Politics

This Is How Peter Dutton Tried To Avoid Moving A Sick Asylum Seeker Kid From Nauru To Australia

A pretty chilling insight into the government's thinking.

Content warning: mention of self-harm.


This week, Peter Dutton was once again forced by the federal court to transfer a sick child from Nauru to Australia for medical treatment. We say forced, because representatives for the Minister for Home Affairs actively fought to prevent the transfer by arguing that the child in question wasn’t actually that sick.

Evidence presented by advocates for the child showed that she had been self-harming by cutting her legs and arms superficially. She had also been refusing food and water. A psychiatrist had diagnosed her with Major Depressive Disorder and Resignation Syndrome, a serious illness that’s been found to affect the children of asylum seekers in Sweden. Children with the syndrome withdraw completely, ceasing to walk, talk, or eat.

Despite these symptoms, Peter Dutton’s department chose to present evidence from a different psychiatrist, who wrote that there was “no clear evidence for a depressive illness and this seems more likely to be a severe reaction to her situation”. In other words, the government appears to have essentially admitted that offshore detention is harming children, while in the same breath attempting to prevent one of those harmed children from being given access to the healthcare she needed.

Thankfully, the court rejected this characterisation. “I accept the submission on behalf of the applicant that she requires urgent medical attention to prevent further deterioration of her health and to begin effective and ongoing treatment,” Justice Robertson wrote in a July 26 judgment. “I also find that the applicant is at serious risk of permanent complications from her current medical situation and find that the applicant appears to be at imminent risk to her health, both in the short term and in the long term.”

“It follows that I do not accept the submission on behalf of the Minister that the applicant has not shown sufficient evidence of the seriousness of her medical condition”.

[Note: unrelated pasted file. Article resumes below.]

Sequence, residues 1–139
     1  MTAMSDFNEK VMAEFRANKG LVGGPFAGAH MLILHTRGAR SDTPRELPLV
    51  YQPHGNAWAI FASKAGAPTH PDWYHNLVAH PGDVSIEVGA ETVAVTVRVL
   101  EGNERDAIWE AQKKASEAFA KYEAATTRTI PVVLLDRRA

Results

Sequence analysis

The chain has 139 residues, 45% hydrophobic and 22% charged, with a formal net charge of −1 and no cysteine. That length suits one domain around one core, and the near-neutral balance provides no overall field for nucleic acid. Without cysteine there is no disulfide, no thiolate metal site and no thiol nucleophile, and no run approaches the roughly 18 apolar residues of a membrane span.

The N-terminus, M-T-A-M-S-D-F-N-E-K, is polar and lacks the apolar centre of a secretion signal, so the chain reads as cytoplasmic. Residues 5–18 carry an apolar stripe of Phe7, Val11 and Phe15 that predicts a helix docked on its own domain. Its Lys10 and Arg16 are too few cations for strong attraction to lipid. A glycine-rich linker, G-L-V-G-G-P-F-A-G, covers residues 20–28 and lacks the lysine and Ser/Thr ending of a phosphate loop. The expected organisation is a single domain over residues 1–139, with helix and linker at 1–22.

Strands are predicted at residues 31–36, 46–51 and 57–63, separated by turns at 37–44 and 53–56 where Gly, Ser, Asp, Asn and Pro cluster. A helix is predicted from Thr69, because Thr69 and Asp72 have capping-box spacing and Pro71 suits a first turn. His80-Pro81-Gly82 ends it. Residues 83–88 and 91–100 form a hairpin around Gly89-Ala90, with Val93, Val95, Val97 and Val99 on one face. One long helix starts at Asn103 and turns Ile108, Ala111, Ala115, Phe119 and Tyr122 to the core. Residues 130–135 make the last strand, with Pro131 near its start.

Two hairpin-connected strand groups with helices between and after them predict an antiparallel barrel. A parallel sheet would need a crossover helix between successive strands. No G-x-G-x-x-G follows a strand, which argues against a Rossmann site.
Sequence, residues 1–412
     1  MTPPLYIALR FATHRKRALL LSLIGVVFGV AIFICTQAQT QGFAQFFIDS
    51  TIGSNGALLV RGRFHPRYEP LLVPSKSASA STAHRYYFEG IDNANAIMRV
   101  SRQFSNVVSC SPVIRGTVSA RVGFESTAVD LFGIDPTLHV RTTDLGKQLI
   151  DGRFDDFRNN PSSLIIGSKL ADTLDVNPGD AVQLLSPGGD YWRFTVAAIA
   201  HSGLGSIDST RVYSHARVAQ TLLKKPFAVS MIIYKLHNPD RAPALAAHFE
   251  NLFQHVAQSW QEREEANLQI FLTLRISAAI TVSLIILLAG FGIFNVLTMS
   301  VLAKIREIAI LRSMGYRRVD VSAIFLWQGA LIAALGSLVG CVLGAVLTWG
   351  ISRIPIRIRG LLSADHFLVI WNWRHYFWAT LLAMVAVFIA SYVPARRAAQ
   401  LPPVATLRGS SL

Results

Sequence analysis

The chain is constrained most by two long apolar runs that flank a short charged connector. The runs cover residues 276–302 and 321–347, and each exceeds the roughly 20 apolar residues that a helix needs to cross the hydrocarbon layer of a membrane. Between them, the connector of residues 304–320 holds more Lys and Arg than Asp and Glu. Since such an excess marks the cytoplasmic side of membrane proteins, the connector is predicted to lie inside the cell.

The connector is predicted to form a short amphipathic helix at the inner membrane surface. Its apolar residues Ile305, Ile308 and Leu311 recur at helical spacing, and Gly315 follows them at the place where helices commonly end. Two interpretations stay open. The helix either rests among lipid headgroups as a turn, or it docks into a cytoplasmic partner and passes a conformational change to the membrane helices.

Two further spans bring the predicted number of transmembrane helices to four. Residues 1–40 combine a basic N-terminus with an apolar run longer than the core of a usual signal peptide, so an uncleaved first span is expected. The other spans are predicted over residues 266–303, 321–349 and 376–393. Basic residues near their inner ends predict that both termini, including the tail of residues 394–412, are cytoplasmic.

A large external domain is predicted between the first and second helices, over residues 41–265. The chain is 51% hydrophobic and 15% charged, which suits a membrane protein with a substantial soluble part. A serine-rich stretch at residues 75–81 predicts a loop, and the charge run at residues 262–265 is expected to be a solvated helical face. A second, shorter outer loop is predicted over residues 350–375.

This is the far from the first time the government has fought against the transfer of a child from Nauru to Australia for medical care. There have been at least twelve cases now where Dutton has been forced by court order to act. Not every case is the same, and the government’s arguments have been different each time. But this week’s case provides a pretty chilling example of the level to which Peter Dutton and his department have sunk: actively opposing the provision of adequate care to sick kids by trying to argue they are less sick than they are.

George Newhouse is the director of the National Justice Project, which represented the young girl in this case. He told Junkee that NJP finds the way the government is approaching these cases concerning.

“Our position is that the welfare and safety of individuals, particularly children, is paramount and young lives should never be put at risk to achieve political objectives,” he said. “We are very concerned about the health and welfare of children on Nauru, and if the current policy continues, I fear that a child might die there.”

Those concerns were echoed by Asylum Seeker Resource Centre Detention Advocacy Manager Natasha Blucher, who pointed out that the government’s duty to these kids goes way beyond ensuring they don’t die.

“The Australian government has a duty of care for children sent to Nauru — including to provide them with medical care, a safe community to live in, education and developmental opportunities,” she said.

“Instead, they have denied these children all of these basic rights for over five years, locking them up on a remote island in a filthy camp. It’s appalling that our government is fighting in the courts to prevent children from receiving critical medical care, even when their lives are at risk.”

And if you take anything away from this story, let it be that: the Australian government is still fighting in the courts to prevent children from receiving critical medical care, even when they might die otherwise. How are we letting this happen?